In January 2015, the violinist Julien Chauvin founded a new period-instrument orchestra with the ambition of reviving an essential component of French musical history: the Concert de la Loge Olympique.
That orchestra, founded in 1783 by the Comte d’Ogny, was then considered one of the finest in Europe and has remained famous for commissioning the ‘Paris’ Symphonies of Joseph Haydn. At that time, a substantial majority of musicians were Freemasons, and many concert associations were linked to Masonic Lodges such as the Loge Olympique de la Parfaite Estime.
The modern, flexibly sized ensemble presents chamber, symphonic and vocal-operatic programmes directed from the violin or the baton and champions a wide repertory ranging from the Baroque era to the early twentieth century.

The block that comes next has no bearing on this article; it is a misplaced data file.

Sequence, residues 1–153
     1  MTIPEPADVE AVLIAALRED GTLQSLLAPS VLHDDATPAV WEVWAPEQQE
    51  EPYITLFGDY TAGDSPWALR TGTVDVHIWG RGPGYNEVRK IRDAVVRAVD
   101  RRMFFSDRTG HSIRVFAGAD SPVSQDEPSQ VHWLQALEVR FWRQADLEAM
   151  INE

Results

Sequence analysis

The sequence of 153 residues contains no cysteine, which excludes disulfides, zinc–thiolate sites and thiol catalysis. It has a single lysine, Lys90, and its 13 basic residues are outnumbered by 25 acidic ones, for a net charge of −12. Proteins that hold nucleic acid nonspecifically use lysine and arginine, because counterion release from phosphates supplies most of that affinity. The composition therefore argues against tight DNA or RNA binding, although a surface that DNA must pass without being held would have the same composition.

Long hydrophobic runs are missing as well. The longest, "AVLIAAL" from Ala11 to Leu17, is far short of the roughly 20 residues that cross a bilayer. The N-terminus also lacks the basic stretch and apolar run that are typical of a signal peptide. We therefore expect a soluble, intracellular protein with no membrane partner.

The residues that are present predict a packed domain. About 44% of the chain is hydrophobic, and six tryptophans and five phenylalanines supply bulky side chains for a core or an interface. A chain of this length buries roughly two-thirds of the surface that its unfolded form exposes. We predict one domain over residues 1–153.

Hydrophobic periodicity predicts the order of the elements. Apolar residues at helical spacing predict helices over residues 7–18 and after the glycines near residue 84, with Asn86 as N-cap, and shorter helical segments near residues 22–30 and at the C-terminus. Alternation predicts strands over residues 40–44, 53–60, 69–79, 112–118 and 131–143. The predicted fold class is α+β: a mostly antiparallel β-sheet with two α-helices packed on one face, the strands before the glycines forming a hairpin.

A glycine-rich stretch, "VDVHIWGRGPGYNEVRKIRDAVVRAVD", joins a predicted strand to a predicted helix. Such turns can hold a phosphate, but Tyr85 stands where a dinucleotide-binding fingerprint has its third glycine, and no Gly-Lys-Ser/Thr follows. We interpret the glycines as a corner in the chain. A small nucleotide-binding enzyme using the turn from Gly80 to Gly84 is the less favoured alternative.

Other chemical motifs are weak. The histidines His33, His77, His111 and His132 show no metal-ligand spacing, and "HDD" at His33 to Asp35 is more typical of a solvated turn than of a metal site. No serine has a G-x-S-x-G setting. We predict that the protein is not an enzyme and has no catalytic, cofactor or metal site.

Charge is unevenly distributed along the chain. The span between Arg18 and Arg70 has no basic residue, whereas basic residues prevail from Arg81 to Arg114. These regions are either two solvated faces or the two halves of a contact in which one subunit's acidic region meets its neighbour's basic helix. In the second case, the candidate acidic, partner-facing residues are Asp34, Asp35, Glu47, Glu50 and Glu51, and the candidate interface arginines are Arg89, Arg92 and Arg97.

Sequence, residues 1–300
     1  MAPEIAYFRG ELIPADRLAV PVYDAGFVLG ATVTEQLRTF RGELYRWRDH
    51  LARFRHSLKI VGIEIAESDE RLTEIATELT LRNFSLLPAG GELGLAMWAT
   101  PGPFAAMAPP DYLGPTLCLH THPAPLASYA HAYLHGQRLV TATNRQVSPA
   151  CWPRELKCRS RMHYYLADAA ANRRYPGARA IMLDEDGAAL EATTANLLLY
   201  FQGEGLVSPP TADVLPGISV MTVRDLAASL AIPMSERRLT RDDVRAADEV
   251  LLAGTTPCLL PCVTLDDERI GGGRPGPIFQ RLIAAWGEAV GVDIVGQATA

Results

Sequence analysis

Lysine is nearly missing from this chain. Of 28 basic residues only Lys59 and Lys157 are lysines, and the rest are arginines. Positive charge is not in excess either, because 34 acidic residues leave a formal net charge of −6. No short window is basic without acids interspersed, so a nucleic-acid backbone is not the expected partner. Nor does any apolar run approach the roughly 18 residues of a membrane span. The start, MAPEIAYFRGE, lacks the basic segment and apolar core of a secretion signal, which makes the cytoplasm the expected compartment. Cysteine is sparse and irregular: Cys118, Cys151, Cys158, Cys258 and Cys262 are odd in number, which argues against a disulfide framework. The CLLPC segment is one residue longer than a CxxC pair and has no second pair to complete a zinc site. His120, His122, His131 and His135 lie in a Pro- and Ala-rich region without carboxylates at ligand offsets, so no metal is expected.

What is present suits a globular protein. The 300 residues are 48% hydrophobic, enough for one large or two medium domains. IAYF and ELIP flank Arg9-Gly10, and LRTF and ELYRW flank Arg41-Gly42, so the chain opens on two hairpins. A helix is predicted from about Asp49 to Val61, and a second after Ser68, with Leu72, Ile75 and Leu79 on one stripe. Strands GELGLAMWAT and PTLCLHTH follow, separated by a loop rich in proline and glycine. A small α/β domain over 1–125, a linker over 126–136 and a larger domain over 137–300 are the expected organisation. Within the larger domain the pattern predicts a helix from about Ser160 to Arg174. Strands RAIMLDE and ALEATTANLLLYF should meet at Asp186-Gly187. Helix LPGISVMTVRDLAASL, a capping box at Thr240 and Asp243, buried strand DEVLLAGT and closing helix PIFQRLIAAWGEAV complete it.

The aim of this recreation project is also to explore new forms of concerts, harking back to the spontaneity of late-eighteenth practice, which intermingled different genres and artists in a single programme, and to establish links with other artistic disciplines.
Since it was founded, the ensemble has toured many venues with operas including Haydn’s Armida directed by Mariame Clément, Sacchini’s Le Cid directed by Sandrine Anglade, Lemoyne’s Phèdre and Isouard’s Cendrillon staged by Marc Paquien for the Palazzetto Bru Zane and Mozart’s Die Entführung aus dem Serail staged by Christophe Rulhes. It also enjoys regular collaborations with such renowned soloists as Karina Gauvin, Sandrine Piau, Philippe Jaroussky and Justin Taylor.